Why Does Motor Vehicle Safety Equipment Make Us Less Safe?
I’m David Holub, an attorney focusing on personal injury law in northwest Indiana.
Welcome to Personal Injury Primer, where we break down the law into simple terms, provide legal tips, and discuss topics related to personal injury law.
Today’s question comes from a listener who said “you have years of experience involving car crashes and injuries, are you getting the sense that the number of crashes on the highway are going down given all the safety equipment on cars these days?”
I think it demands a two-part answer.
For safety systems like airbags and anti-lock brakes, the equipment does not reduce the number of crashes, but most likely reduces the severity of injuries suffered in crashes.
But for safety systems that we might call driver assistance systems, it is not likely that they are really making us safer.
Advanced driver assistance systems are common in many vehicles today.
Such systems are designed to prevent crashes. Fewer crashes is good, right?
But, a recent report from AAA suggests relying on driver assistance systems may lead to higher rates of distracted driving.
What if protective technology is really just leading drivers into a false sense of security? Why look at the road if the car will protect you?
Full automation will remove occupant control. Once a car is driving itself, why even continue to call an occupant a driver?
But in the meantime, before complete automation, there’s still a big safety burden on the driver to control the vehicle and remain situationally aware. That burden on the driver to DRIVE SAFE, is present even though the automation equipment on the vehicle may help.
Data from recent studies indicates that the use of advanced driver assistance systems is associated with a 50% increase in the odds of engaging in a secondary task and an 80% increase in the odds of engaging in visual or manual secondary tasks, compared to the same drivers driving without an automated system.
What does that mean?
Well, if you think your car is going to watch for children running into the street to chase a ball, and that the brakes will come on automatically, then you as the operator reason that it is ok to look down at the weather headlines displaying on the entertainment console.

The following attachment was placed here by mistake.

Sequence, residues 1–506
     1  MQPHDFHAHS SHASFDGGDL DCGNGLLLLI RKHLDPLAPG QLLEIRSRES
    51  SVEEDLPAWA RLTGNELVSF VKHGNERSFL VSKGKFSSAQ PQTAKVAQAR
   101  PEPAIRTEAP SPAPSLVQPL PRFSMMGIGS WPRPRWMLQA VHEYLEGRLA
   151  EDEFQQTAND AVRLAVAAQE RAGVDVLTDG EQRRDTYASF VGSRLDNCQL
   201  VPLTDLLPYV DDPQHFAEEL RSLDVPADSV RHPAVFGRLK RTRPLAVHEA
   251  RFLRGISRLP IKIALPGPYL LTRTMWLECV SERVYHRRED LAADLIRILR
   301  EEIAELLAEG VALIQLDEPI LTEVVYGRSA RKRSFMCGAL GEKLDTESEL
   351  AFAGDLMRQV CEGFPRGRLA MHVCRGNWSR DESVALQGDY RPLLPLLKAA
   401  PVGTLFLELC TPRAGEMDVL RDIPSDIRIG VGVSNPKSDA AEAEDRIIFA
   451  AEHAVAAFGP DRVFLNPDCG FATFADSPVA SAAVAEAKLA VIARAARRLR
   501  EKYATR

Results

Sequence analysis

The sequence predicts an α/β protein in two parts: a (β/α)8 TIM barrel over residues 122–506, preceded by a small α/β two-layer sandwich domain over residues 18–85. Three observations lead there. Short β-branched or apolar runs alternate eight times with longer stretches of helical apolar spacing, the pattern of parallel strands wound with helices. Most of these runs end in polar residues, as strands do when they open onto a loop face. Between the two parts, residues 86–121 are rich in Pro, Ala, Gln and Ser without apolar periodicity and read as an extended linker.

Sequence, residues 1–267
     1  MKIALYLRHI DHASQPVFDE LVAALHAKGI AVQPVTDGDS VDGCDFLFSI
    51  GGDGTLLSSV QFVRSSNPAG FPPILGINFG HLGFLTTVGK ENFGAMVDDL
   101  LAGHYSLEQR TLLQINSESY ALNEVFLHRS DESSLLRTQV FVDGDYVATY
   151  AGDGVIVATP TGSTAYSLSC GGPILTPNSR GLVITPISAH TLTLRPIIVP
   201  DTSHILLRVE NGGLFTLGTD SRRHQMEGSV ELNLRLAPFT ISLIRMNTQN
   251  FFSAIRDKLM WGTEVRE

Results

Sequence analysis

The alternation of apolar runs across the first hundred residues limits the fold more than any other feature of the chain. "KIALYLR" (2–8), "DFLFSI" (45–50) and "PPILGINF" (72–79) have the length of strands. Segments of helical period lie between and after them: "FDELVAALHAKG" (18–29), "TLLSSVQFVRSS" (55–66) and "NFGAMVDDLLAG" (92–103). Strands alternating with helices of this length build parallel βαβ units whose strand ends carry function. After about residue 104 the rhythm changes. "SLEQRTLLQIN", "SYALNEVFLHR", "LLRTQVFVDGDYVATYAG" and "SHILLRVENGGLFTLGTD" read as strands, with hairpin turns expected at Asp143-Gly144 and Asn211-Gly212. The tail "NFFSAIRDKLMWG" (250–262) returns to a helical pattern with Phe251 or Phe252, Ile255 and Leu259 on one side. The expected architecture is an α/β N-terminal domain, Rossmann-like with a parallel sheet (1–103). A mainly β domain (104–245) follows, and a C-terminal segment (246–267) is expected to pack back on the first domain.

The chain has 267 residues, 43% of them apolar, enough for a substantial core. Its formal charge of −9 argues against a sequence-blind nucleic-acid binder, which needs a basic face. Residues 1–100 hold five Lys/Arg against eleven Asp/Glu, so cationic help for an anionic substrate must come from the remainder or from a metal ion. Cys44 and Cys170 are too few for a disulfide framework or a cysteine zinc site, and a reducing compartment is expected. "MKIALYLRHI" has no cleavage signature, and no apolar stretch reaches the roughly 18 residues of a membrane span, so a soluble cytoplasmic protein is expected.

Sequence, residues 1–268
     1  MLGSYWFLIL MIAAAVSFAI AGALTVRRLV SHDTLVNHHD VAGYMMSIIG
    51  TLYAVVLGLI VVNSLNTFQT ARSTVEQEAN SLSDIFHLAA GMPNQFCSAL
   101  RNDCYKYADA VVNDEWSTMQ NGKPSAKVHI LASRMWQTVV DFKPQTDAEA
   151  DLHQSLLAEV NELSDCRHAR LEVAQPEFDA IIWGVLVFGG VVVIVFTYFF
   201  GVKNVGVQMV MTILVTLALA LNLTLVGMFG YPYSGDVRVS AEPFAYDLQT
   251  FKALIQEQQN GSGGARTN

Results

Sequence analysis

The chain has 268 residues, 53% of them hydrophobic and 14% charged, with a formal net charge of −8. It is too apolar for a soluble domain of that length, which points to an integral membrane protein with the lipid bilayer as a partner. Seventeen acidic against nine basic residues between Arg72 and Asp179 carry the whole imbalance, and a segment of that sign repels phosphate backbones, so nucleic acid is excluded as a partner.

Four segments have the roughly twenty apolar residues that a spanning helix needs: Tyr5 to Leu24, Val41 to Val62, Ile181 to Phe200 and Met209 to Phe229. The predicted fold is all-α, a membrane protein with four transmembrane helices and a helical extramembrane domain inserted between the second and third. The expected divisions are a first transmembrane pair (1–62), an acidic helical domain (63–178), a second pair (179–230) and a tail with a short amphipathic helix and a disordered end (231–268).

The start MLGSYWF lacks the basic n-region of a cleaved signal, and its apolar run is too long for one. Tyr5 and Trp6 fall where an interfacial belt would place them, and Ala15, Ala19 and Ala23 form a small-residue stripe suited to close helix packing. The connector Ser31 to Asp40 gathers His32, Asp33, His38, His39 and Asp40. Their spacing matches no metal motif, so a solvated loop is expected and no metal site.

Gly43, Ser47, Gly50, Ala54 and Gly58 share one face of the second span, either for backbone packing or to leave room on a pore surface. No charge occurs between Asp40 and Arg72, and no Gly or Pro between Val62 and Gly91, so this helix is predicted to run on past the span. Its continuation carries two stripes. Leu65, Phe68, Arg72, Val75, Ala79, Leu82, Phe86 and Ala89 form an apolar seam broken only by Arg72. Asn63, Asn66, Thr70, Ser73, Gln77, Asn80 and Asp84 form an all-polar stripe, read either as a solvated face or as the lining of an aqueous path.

This holds true for speeding related errors when driver assistance systems are in use.
Drivers actually are more safe in operating a vehicle, when the protective system is turned off.
Again, makes sense, if you have cruise control on and you know the car will automatically slow you down if you get too close to the semi ahead of you, then your brain disengages a little, and safety overall is diminished.
Same with systems designed to alert drowsy drivers. If you have that drowsy alert system, you think you are safe and keep driving instead of pulling over like you did years ago when you sensed yourself getting tired and pulled off the highway to take a nap.
Here is an example. Have you ever had the need to drive a car using a spare tire, or run flat tire? If you know your tire might burst if you are going faster than is safe for the tire, most people will driver extra cautiously. Conversely, if you just replaced a bad set of tires, or gotten new brakes, you likely will feel it is okay to drive faster, and push the limits of your vehicle.
The take away conclusion is that safety systems can erode our attention.
That’s dangerous. Smart car; not so smart human.
It is only going to get worse.
The smarter your car, the less the human operating it will be pay attention. It is human nature.
I hope you found this information helpful. If you have questions about your legal rights if you get hurt due to the carelessness of another person, or as a result of substandard medical care, or due to a product defect, construction injury, or any other type of personal injury, please give us a call at (219) 736-9700. You can also learn more about us by visiting our website at www.DavidHolubLaw.com – while there make sure you request a copy of our book “Fighting for Truth”.